U.N. Bachawat, J.
1. This is an appeal by the owner of tractor No. MPH 6453 which was involved in an accident resulting in the death of one Gorelal.
2. The dependants of late Gorelal filed a claim under Section 110A of the Motor Vehicles Act, 1939, before the Motor Accidents Claims Tribunal, Gwalior (hereinafter referred to as ' the Tribunal'), against the present appellant; the insurance company, and the Central Bank of India, which had financed the appellant in the matter of purchase of this tractor,being Claim Case No. 94 of 1974. The Tribunal, vide its award awarded a compensation of Rs. 8,760 to the claimants against the appellant and respondent No. 5 herein (i.e., Rahim, who was respondent No. 1 before the Tribunal), only. The Tribunal held that Rahim, respondent No. 5 herein, was driving the tractor at the relevant time; that he (Rahim) was not holding a driving licence; and, therefore, according to the terms of the insurance policy (exhibit D-3), the insurance company was not liable. Hence, the present appeal by the owner of the tractor. The claimants have also filed a cross objection contending that the insurance company should also be held liable for the compensation awarded.
3. It is argued by learned counsel for the appellant that Rahim was a mechanic, who had repaired the tractor and was driving the tractor at the relevant time for taking trial and, therefore, the insurance company was liable, even if Rahim had no driving licence. This argument (hereinafter will be referred to as 'contention No. 1'). Learned counsel for the claimants, while adopting the arguments of learned counsel for the appellant, also argued that there is no proof that Rahim was not holding a driving licence at the relevant time, and the burden to prove this was on the insurance company. This argument (hereinafter will be referred to as 'contention No. 2 '). Thus, there are only two contentions to be decided in this appeal.
4. For the reasons to follow, the appeal deserves to be dismissed.
5. At the outset, it would be advisable to quote the following from the insurance policy, which provides that the insurance company would be liable only when the person driving held a driving licence at the relevant time:
' Driver: Any of the following:
(a) The insured;
(b) Any other person provided he is in the insured's employ and is driving on his order or with his permission:
Provided that the person driving holds a licence to drive a motor vehicle or has held and is not disqualified from holding or obtaining such a licence.'
6. Learned counsel for the appellant and the claimants referred to the decisions in Shantibai v. Principal, Govindram Sakseria Technological Institute  ACJ 354 (MP), Kilari Mammi v. Barium Chemicals Ltd.  ACJ 58 (AP) ; AIR 1979 AP 75, Sabitri Kumari Dass v. State of Orissa  ACJ 341 (Orissa) and Ruby General Insurance Co. Ltd. v. Kesharbai  ACJ 385 (MP), in support of their contention that the condition of driving licence in the insurance policy does not hold good in case the vehicle isdriven at the relevant time by a mechanic for trial after repairs. None of these decisions deals with the question at hand. In none of these decisions it has been held that when a mechanic without licence is driving the vehicle for trial at the time of the accident even in the face of a specific term like the one indicated above in the insurance policy, the insurance company would be liable. Thus, these decisions do not advance the contention of learned counsel for the appellant and the claimants. The net of the proviso in the term extracted hereinabove, is so wide that it includes even a mechanic in its ken. The words ' any other person ' are very significant in this respect.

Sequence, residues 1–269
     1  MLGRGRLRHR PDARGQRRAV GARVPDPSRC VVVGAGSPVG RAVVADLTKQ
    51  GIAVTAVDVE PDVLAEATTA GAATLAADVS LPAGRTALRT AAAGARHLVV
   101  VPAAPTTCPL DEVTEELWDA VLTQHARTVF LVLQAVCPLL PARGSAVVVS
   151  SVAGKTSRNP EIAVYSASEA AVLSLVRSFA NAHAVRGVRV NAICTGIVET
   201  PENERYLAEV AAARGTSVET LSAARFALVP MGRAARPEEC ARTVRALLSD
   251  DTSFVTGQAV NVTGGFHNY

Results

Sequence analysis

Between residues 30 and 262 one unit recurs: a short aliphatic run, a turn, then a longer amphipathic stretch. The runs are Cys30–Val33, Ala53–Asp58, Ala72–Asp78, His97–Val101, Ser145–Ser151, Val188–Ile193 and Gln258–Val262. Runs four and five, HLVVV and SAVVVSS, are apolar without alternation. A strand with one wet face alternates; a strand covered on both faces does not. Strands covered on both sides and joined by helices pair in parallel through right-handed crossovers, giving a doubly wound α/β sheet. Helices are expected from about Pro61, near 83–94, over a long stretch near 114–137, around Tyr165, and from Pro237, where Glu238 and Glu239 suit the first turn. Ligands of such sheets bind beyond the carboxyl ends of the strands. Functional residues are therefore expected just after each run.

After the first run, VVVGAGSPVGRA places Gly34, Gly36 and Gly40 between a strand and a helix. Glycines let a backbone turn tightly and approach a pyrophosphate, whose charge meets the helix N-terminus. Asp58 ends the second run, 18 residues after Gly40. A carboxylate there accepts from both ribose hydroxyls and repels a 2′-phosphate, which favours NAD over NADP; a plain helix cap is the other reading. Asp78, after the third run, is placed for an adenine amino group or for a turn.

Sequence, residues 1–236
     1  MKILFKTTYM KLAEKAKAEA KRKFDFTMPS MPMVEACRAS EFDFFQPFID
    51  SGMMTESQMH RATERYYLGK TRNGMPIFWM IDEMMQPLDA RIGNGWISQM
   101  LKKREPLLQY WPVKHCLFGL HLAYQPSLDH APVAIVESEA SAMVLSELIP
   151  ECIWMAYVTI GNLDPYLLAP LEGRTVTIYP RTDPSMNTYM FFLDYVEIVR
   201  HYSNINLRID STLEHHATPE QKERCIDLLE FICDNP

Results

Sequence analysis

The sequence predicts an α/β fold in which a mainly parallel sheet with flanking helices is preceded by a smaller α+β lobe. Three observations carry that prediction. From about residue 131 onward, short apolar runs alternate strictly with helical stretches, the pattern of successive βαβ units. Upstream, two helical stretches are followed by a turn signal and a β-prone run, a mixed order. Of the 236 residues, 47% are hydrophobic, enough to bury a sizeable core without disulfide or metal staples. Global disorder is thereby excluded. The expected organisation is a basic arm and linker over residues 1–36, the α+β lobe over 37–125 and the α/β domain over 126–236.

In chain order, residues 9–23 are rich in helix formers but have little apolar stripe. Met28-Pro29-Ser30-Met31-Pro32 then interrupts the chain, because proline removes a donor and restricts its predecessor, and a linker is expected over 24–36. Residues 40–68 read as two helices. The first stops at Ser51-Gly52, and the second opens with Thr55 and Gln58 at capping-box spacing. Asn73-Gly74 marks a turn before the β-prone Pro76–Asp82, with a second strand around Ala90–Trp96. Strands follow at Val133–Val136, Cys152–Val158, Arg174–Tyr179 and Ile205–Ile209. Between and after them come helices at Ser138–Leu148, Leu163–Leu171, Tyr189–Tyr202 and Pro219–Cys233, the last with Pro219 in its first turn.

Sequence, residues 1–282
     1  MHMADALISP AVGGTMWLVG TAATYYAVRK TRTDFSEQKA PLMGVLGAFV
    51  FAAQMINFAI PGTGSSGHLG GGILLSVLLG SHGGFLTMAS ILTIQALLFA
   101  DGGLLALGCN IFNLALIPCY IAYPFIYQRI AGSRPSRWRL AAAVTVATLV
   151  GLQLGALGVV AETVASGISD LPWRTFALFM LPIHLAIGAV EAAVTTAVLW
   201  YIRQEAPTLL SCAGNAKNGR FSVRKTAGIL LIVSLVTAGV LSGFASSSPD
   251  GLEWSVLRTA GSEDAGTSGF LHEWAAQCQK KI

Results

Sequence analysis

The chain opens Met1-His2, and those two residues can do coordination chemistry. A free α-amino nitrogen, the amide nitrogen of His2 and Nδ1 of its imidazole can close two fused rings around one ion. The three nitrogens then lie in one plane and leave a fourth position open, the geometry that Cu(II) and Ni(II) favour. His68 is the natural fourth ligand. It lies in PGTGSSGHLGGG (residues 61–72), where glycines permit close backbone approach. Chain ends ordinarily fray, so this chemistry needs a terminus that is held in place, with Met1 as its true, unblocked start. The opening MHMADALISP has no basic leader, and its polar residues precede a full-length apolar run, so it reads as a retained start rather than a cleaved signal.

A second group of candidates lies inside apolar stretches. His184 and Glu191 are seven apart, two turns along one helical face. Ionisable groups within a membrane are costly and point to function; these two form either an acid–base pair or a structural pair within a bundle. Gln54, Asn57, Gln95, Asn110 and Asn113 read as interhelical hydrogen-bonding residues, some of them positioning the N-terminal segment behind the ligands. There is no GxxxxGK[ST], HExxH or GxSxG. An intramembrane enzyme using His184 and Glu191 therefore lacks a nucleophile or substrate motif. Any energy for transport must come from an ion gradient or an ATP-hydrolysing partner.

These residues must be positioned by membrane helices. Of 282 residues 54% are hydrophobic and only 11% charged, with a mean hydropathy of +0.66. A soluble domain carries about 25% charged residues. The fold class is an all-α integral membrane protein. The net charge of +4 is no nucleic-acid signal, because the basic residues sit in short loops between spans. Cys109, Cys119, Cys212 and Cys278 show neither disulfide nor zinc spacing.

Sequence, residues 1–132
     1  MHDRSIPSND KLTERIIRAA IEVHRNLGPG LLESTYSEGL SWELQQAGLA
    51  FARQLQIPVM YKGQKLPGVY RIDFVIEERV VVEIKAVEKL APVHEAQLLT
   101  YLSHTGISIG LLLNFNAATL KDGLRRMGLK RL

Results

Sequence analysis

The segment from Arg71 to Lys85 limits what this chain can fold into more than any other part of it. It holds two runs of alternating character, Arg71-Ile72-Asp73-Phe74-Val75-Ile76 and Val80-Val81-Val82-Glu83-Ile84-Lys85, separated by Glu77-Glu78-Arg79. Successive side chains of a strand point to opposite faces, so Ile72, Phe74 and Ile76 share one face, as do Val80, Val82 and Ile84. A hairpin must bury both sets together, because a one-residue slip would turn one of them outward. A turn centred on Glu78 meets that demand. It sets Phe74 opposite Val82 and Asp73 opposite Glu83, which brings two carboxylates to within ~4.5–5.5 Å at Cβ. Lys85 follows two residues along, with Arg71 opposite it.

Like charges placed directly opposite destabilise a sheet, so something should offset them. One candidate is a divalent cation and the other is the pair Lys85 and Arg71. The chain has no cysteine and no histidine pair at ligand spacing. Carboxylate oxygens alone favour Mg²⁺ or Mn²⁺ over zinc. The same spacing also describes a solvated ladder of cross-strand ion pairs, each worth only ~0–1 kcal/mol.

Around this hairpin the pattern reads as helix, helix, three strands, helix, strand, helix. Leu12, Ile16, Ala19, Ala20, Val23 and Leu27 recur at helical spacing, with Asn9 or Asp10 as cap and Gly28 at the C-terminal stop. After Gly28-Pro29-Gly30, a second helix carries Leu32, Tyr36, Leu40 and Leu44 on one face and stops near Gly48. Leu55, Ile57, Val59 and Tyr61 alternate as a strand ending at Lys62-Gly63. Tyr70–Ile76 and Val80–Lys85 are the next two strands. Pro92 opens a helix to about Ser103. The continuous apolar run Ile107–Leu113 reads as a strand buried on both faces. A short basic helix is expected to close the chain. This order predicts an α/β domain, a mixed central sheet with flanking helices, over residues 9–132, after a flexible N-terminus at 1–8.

7. As an upshot of the foregoing discussion, contention No. 1 is repelled.
8. I now turn to the second contention as to whether it has been proved in the instant case that Rahim was not holding a driving licence. Rahim has not entered the witness-box. Rahim, who had contested the claim and filed his written statement, despite a specific contention raised in the written statement of the insurance company, that Rahim was driving the tractor at the relevant time and was not holding a driving licence, did not contend in his return statement that he was having a driving licence. The Tribunal has in paragraph 83 held that Rahim was not holding a driving licence. Learned counsel could not point out any cogent reason to persuade me to take a view contrary to the one that has been taken by the Tribunal. It would also be significant to mention here that during the course of the argument, learned counsel appearing for the appellant and the claimants were asked as to whether at this stage they can produce the driving licence of Rahim, of the relevant time, or any other record to show that Rahim was holding the driving licence at the relevant time. Learned counsel submitted that the appellant is unable to do so. This case is being heard for the last 3 days. The address of Rahim, respondent No. 5, given in the memorandum of appeal, indicates that Rahim is a local person. Had it been a fact that Rahim was holding a driving licence at the relevant time, there could be no understandable reason for not producing the same even at this stage, more particularly when the court had asked.
9. In this view of the matter, the appeal fails and is hereby dismissed. I, however, make no order as to costs.